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Finding Purpose With Parkinson’s

February 13, 2023

Parkinson’s disease is just part of who Doe Hentschel is these days – and she’s determined to give others with the same diagnosis a dose of her enthusiasm and vision.

It’s a vision Hentschel, who was diagnosed with Parkinson’s 14 years ago, brought to Toni DeMarcaida, MD, her specialist and medical director of the Chase Family Movement Disorders Center, part of the Hartford HealthCare Ayer Neuroscience Institute.

“I wanted to use my experience to help restore a sense of self and purpose in people diagnosed with Parkinson’s disease,” explains the retired higher educator who works as a leadership preceptor for Leadership Greater Hartford developing programs to engage people in the community.

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Parkinson’s pilot

Finding Purpose With Parkinson's

The result is “Finding Purpose with Parkinson’s,” a new class piloted at CFMDC’s Vernon location to help patients set their diagnosis aside and regain their lives.

“It’s been proven that giving back to the community contributes to one’s sense of well-being and helps us live longer,” Hentschel says. Of her own diagnosis, she recalls, “Once I got over the fear of what this might mean, I decided this would be an asterisk in my life, not define who I am.”

The two-hour classes, available to patients at the Chase Family Movement Disorders Center and their partners, took place weekly for 10 weeks. Using curriculum Hentschel created, they examined their interests, looked at their valuable experience and investigated possible volunteering options.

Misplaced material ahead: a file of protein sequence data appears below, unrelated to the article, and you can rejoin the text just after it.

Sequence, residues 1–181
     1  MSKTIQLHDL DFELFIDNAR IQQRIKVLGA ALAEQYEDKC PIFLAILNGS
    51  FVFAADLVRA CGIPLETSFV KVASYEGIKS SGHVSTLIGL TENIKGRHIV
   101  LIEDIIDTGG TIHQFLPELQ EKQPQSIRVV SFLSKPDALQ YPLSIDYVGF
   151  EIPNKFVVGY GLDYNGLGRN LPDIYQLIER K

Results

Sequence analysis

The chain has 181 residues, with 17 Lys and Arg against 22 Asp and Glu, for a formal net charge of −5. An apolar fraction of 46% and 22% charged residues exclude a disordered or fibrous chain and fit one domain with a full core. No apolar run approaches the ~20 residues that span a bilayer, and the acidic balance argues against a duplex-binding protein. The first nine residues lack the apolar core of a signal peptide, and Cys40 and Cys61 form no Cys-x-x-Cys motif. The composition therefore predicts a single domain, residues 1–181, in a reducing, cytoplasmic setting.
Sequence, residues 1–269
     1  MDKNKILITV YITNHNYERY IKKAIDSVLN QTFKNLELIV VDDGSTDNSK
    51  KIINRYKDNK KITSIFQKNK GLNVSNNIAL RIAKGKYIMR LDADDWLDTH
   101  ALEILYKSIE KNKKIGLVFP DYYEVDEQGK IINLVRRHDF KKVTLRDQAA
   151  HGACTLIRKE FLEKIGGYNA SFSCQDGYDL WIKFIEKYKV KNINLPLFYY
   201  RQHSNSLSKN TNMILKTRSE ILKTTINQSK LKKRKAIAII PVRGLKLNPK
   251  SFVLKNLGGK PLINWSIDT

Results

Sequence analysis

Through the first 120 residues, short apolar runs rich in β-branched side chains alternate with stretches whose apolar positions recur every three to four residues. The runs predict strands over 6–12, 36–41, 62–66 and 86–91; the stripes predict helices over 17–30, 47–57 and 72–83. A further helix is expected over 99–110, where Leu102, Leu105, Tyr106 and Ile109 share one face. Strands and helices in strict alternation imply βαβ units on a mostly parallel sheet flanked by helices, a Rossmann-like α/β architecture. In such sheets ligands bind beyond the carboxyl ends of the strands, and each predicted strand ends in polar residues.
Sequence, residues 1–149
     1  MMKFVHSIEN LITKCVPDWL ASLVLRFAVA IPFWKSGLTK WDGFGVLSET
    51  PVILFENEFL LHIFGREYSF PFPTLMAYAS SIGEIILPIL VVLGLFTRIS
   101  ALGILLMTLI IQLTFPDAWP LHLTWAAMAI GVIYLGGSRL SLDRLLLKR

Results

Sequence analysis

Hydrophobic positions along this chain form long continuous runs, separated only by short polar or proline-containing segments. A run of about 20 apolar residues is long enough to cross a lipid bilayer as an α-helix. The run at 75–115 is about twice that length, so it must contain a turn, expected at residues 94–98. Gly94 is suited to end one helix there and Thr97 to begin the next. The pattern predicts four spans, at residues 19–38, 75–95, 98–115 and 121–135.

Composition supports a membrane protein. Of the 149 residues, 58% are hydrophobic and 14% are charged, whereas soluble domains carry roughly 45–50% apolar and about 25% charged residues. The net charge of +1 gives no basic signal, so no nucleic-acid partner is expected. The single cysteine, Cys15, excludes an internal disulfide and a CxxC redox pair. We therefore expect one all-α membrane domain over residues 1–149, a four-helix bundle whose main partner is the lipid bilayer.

“The goal was to find ways to get involved in the community, understand what they bring to their volunteerism and how that helps them,” she says. “It’s a way to focus on engagement versus the disease. You begin to cultivate the attitude that helps you cope with the tremors and other symptoms.”

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Eager participant

Susan Closson was quick to say yes to the invitation to join the classes with her husband, George. The Winsted couple has long been involved in community ventures – he on municipal planning, zoning, sewer and water committees; she in the schools and scouts while their daughter was younger.

Diagnosed with Parkinson’s in 2021, Susan Closson says she needed to adjust to its challenges before continuing her community work.

“Some weeks you may feel great, the next week you feel like folding in,” she says. “But, it’s up to you to stay involved. You don’t want to be alone.”

Part of her mission is to explain Parkinson’s to others while staying connected.

The classes contain helpful information for anyone, not just those with Parkinson’s, her husband adds.

“People have a tendency to disengage as they get older, but you need to keep focused and keep participating,” he says.

Looking ahead

CFMDC owns the curriculum for “Finding Purpose with Parkinson’s” and Dr. DeMarcaida is hoping to offer several sessions each year at different CFMDC locations. In the meantime, she and her team of movement disorders experts will track the class’ impact on participants’ physical, emotional and cognitive status.

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